Traditional Saris Still an Eid Favourite
Saturday, 21 August 2010

The sari market, this Eid too, is seeing a steady rise in demand for traditional locally made saris.

Markets are livening up with the approaching Eid-ul-Fitr celebrations, and even though sales are yet to hike up, buyers are crowding the markets to catch a glimpse of the new wears on display.

Visits to the market have found huge crowds shifting through the shops at Mirpur's Benarasi Palli and the Dhanmondi Hawkers' Market.

Most of the buyers are sorting out the special clothes they will buy after receiving their salary and Eid bonuses.

Women and girls have been seen crowding fabric shops to buy the materials for clothing accessories to wear with their traditional saris.

Kazi Shah Alam, owner of Mohammadi Silk House at Benarasi Palli, told that buyers were coming to find out about the new saris on offer this Eid. "The demand for traditional designs, like all other times, is strong," he said.

Alam continued that he would be displaying traditional Katan, Jamdani and hand-loom saris. "We have various types of Katans for the Eid, including Soft Katan, Jute Katan and Mirpuri Katan," he added.

"Prices of the soft Katans, woven in Tangail, range between Tk 2,500 – 8,000," Alam said. Soft Katans are treated as a speciality because of the 'Butis' – intricate small designs – woven into the body of the sari.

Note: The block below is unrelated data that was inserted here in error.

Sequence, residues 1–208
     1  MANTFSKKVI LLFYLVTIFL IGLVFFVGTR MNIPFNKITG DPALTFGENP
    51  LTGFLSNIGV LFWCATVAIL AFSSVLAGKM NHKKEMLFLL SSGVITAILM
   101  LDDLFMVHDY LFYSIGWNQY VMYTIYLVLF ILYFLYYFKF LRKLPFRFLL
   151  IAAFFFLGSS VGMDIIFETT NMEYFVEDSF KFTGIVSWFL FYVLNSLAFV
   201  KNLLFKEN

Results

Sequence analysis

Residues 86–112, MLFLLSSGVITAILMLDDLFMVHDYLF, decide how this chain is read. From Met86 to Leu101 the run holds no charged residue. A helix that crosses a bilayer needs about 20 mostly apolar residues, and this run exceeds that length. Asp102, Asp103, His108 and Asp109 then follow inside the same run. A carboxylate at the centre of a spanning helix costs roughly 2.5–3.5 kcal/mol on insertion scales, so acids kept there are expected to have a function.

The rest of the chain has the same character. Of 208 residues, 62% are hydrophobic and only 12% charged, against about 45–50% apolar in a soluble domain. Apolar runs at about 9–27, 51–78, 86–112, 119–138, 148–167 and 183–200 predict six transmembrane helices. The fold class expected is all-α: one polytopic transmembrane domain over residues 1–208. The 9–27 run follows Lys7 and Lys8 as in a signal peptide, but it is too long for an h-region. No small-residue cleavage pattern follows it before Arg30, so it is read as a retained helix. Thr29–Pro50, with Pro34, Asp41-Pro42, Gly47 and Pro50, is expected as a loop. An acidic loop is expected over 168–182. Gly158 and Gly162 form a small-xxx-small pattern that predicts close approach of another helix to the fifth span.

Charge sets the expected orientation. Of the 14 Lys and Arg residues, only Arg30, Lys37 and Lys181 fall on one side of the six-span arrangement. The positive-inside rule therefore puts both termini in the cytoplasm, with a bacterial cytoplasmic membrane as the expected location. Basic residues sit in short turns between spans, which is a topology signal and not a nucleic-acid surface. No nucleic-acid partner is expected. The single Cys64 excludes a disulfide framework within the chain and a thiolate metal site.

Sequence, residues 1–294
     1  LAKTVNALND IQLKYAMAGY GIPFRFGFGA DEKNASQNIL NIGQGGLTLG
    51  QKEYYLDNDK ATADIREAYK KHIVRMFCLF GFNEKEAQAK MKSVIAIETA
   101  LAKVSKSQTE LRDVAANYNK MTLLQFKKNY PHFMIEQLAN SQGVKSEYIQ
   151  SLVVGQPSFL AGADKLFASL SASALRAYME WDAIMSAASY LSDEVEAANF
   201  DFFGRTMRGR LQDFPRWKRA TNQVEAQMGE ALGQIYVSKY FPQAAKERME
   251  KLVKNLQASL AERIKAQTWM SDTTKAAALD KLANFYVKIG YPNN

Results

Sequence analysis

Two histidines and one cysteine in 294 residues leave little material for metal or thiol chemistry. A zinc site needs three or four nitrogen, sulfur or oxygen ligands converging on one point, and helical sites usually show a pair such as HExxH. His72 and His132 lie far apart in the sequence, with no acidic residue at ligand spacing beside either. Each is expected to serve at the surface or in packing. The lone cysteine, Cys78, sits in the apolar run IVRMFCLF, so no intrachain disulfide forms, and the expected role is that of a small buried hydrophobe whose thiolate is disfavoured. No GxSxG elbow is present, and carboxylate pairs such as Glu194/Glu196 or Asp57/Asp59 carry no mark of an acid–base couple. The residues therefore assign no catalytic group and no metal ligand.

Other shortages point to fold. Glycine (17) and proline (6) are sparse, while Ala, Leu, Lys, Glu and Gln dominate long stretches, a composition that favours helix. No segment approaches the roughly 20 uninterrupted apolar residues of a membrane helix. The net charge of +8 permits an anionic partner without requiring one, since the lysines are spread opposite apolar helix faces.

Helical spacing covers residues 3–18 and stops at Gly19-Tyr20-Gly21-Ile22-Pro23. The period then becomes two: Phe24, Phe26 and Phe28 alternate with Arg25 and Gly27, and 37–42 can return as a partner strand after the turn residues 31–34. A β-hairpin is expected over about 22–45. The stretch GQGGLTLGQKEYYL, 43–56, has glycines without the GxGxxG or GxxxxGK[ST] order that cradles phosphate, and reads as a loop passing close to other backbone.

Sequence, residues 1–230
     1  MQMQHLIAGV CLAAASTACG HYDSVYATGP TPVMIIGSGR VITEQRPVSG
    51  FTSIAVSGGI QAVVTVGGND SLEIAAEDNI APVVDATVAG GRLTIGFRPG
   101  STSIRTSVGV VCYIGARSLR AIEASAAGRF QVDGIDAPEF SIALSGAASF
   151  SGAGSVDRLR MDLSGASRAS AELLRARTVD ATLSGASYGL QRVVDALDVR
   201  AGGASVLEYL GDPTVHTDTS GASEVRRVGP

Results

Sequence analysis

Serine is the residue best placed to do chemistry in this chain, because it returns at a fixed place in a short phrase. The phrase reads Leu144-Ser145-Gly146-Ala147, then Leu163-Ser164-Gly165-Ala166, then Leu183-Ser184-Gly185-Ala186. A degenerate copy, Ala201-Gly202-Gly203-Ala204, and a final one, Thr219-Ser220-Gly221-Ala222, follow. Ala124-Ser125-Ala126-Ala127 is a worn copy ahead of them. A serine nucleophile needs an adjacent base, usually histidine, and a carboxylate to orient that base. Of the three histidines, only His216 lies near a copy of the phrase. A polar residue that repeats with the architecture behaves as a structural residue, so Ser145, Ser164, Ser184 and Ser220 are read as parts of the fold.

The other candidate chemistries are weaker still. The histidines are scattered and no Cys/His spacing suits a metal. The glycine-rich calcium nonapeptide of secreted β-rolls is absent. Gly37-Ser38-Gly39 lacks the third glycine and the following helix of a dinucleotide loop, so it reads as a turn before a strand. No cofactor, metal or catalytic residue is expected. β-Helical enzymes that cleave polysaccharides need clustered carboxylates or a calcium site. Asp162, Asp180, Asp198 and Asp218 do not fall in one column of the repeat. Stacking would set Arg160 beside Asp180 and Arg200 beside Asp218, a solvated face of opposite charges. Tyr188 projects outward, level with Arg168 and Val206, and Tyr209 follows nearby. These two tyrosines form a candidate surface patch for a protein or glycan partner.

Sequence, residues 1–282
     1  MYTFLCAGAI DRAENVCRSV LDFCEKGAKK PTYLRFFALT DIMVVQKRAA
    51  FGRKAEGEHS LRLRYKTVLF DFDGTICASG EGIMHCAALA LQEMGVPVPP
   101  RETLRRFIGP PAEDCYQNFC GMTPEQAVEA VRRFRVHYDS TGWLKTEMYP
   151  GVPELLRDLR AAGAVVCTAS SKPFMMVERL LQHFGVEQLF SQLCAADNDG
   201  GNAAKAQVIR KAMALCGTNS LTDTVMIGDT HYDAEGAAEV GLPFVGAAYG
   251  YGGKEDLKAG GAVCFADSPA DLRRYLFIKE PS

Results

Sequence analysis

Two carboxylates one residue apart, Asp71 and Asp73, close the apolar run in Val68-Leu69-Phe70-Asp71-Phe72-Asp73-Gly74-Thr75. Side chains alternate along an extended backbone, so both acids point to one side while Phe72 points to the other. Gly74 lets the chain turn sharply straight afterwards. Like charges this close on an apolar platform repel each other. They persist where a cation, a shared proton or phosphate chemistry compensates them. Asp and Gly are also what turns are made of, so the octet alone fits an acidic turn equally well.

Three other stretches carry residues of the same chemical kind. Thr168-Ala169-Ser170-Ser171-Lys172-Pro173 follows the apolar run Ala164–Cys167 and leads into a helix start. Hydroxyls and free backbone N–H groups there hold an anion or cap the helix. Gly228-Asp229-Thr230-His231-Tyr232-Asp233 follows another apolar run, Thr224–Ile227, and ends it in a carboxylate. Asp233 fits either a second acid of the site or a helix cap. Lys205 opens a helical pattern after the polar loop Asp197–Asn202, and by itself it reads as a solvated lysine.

Alam explained that the raw materials for these saris were sent to Tangail, as workers there are more proficient in creating the designs.

"Jute Katans range between Tk 5,000-7,000, Dhakai Jamadanis cost between Tk 2,500-8,000, hand-loom cotton saris are priced between Tk 100 – 1,200, and Katans made in Mirpur or Mirpuri Katans range between Tk 1,500 – 4,000," he added.

Noushin Intekhab Dinar, a student of Eden University College's English department, had come to Swarna Benarasi Sari house for an Eid-find.

She vents her frustration that traders were not putting up their new designs onto the displays yet and opined that they were keeping them in store for after the last weeks of Ramadan. "There is such a rush of buyers then, it becomes nearly impossible to have a close-look before buying."

Rafique Azam, the salesman at the shop, laughs away the accusation pointing out a lot of customers just come to the shop in the first half of the Ramadan to glance through the saris, "however, they do not buy anything and come around at the later half of the month to finish their shopping."

Jamdani-traders in the market, however, claim that sales have already started in the market.

Saiful Ahmed, a salesman at the Jamdani Sari Kutir, said that since there can only be design differences in Jamdani saris, "those who want a exclusive design for the Eid tend to shop early and pick up an intricate and beautiful design."

Ahmed continued that their shop boasts Jamdani saris ranging from Tk 1,200 to Tk 25,000. They also have saris from Tangail and cotton Jamdanis to add to their traditional sari stock.

In addition, Tissue Katan and Georgette saris, which were immensely popular last year, is also dominant supply-wise in the market. The saris had gained popularity because of the beautiful sequential designs that adorn the body of the saris.


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